This is an artist's rendering of KELT-11b, a 'Styrofoam'-density exoplanet orbiting a bright star in the Southern Hemisphere. Walter Robinson/Lehigh University

A new exoplanet has been discovered about 320 light-years away, another addition to the “hot Jupiter” category of planets. However, KELT-11b is unusual in at least one other aspect: its density.

Being a hot Jupiter, the planet is about 40 percent larger than the biggest planet in our solar system, but has an orbit very close to its star, completing one revolution in less than five days, compared to Jupiter which takes 12 years to orbit the sun once.

However, despite its size, the mass of KELT-11b is only a fifth that of Jupiter, “making it about as dense as Styrofoam, with an extraordinarily large atmosphere,” Joshua Pepper, astronomer and assistant professor of physics at Lehigh University, said in a statement Monday.

Pepper led a study — in collaboration with researchers from Vanderbilt University and Ohio State University, along with researchers at universities and observatories and amateur astronomers around the world — that describes the exoplanet. Titled “KELT-11b: A Highly Inflated Sub-Saturn Exoplanet Transiting the V = 8 Subgiant HD 93396,” the paper was published recently in the Astronomical Journal.

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The planet’s host star, KELT-11, is very bright, which allows scientists to make precise measurement of the properties of the planet’s atmosphere. These observations will allow astronomers to develop tools that will identify various gases in the atmosphere of exoplanets, tools that will become indispensible once next-generation space telescopes (like the James Webb Space Telescope, scheduled for a 2018 launch) find more Earth-like exoplanets.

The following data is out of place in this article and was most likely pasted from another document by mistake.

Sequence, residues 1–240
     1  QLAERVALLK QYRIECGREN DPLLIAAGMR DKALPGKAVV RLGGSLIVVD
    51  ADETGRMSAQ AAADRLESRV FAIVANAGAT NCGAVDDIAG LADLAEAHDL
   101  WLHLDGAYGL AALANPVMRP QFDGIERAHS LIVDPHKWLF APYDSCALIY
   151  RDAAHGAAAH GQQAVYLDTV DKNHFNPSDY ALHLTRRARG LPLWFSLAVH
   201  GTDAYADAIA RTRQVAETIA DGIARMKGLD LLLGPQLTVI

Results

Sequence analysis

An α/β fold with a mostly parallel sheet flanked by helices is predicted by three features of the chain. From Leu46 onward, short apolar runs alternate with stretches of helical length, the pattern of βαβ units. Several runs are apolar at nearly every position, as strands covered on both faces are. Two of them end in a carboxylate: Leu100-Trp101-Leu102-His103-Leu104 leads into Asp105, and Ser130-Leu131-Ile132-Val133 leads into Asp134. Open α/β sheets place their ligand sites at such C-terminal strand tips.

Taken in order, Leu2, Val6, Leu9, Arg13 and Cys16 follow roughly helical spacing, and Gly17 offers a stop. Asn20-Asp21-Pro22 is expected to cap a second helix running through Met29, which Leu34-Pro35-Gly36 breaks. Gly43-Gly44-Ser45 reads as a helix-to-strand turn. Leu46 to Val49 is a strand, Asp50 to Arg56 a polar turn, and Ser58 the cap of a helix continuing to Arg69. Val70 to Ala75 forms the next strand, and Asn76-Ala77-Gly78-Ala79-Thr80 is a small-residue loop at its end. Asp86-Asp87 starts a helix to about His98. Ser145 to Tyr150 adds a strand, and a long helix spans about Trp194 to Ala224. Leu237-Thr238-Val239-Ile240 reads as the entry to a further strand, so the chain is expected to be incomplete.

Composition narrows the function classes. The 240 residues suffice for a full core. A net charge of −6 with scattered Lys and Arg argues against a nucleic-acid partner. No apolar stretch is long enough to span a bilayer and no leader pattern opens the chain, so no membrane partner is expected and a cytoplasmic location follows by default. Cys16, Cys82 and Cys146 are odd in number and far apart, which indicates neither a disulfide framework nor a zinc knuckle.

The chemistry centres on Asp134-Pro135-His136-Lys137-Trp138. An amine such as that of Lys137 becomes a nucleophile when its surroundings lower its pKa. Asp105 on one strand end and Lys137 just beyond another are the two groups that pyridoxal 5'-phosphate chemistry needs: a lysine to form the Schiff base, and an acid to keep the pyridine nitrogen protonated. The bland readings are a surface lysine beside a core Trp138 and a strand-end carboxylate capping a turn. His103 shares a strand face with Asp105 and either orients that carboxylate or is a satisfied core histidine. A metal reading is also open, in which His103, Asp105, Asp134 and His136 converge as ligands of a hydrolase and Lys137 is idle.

KELT-11b is the third-lowest density planet discovered so far, and studying planets like it in more detail will help understand how planets evolve and how their atmospheres behave. The reason behind this exoplanet’s inflation is not yet known, and further research is needed to find an answer, which will help us in our search for life beyond Earth.

The star is evolving into a red giant and has started using up its nuclear fuel. As it expands, it will engulf KELT-11b and the planet will cease to exist in the course of the next hundred million years or so. But for now, its large atmosphere makes it “an excellent testbed for measuring the atmospheres of other planets,” Pepper said in the statement.

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The KELT-South robotic telescope in South Africa that made the discovery of KELT-11b. Joshua Pepper

KELT stands for Kilodegree Extremely Little Telescope, and the survey uses two robotic telescopes — one each in Arizona and South Africa — that were built by Pepper. The telescopes scan the skies and measure the brightness of about five million stars. To find exoplanets, researchers look for regular dimming in the brightness of stars, which could indicate the blocking of light by planets that are orbiting them.

Once the candidates are identified with the dimming (called a transit) method, exoplanets are verified by using other telescopes that measure the slight gravitational pull exerted by planets on the stars they orbit. Measuring the stars’ gravitational “wobble” can confirm both the presence of a planet, as well as to measure the planet’s mass, according to the statement.